Conclusion
      In this large database analysis, clinically relevant prognostic risk groups were identified, categorized as low, intermediate, and high risk, with differential survival outcomes observed for each group. Validation of these risk groups in an independent SCLC dataset is warranted. If validated, these risk groups will have important implications for individualized patient counseling in clinic and stratification of patients in prospective trials in the second and third line setting.

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    Y - Young Investigator & First Time Attendee Session (ID 77)

    • Event: WCLC 2013
    • Type: Other Sessions
    • Track: Other Topics
    • Presentations: 1
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      Y.6 - Making the Most of the WCLC: A Guide for First Time Attendees (ID 648)

      P. Lara

      • Abstract
      • Presentation
      • Slides

      Abstract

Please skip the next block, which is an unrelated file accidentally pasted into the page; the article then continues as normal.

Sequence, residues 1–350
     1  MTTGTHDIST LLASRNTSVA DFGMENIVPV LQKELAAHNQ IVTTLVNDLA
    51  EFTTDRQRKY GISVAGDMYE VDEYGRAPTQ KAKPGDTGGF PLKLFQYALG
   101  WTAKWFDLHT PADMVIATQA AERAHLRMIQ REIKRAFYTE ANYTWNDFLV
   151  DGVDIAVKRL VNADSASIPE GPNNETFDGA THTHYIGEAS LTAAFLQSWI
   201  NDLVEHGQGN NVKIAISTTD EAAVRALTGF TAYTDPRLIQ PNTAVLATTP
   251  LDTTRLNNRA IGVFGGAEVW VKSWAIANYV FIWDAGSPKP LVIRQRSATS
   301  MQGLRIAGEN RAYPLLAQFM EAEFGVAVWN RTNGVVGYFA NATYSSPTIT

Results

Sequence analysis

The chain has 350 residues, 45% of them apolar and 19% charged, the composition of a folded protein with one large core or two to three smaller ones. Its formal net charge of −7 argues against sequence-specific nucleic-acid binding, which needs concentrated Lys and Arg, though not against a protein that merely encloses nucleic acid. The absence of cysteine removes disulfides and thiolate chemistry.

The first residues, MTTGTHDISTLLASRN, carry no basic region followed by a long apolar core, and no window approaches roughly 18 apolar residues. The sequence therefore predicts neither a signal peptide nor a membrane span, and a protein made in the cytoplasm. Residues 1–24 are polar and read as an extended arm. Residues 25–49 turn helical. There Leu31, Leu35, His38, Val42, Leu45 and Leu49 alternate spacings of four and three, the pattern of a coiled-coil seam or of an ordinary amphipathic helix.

The 15[th] World Conference on Lung Cancer (WCLC) is a highly interactive, collaborative, and intellectually enriching forum that focuses on the biology, diagnosis, and management of thoracic malignancies. For first-time attendees, the sheer scope and depth of the WCLC can be quite daunting. This educational session is designed for the young investigator or first time attendee. It aims to provide practical tools that will help the attendee navigate the 15[th] WCLC. This year, the Core Program Committee has organized a scientific program that includes more than 250 internationally renowned speakers and chairs participating in more than 100 sessions. The program can essentially be categorized as a component of either the Education Program or Scientific Program. The Education Program includes Invited Sessions wherein key faculty present state-of-the-art talks on relevant topics, as well as “Meet The Expert Sessions” that provide opportunities for attendees to directly interact with faculty . The Scientific Program includes cutting-edge and late-breaking research presented in oral, mini-oral, and poster formats. The Scientific Program also includes the Plenary Sessions, the Presidential Symposium (where the top rated abstracts are presented), and Highlights of the Day (where expert faculty summarize the past day’s most outstanding presentations), among others. There are also additional educational sessions such as Industry-Sponsored Symposia, a Patient Advocacy session, a Cochrane Workshop, and new to the 2013 meeting, a Chinese Alliance Against Lung Cancer session. First timers must carefully note that WCLC sessions can either be stand-alone (i.e, with no competing sessions such as the Plenary Sessions) or concurrent (e.g., oral and mini-abstract sessions). The organizers have developed a color-coded “session at a glance” diagram that clearly denotes each session’s schedule relative to others. (An online “virtual WCLC” will soon be developed to provide attendees access to concurrent sessions that they may miss because of a competing session.) There are also social events such as the Welcome Reception and the Gala Dinner that provide additional opportunities for first time attendees to interact with colleagues and faculty. It is thus anticipated that the 15[th] WCLC will provide young investigators and first time attendees a unique framework on which to build new collaborations that will ultimately have an impact on the future care of the patient with thoracic cancer.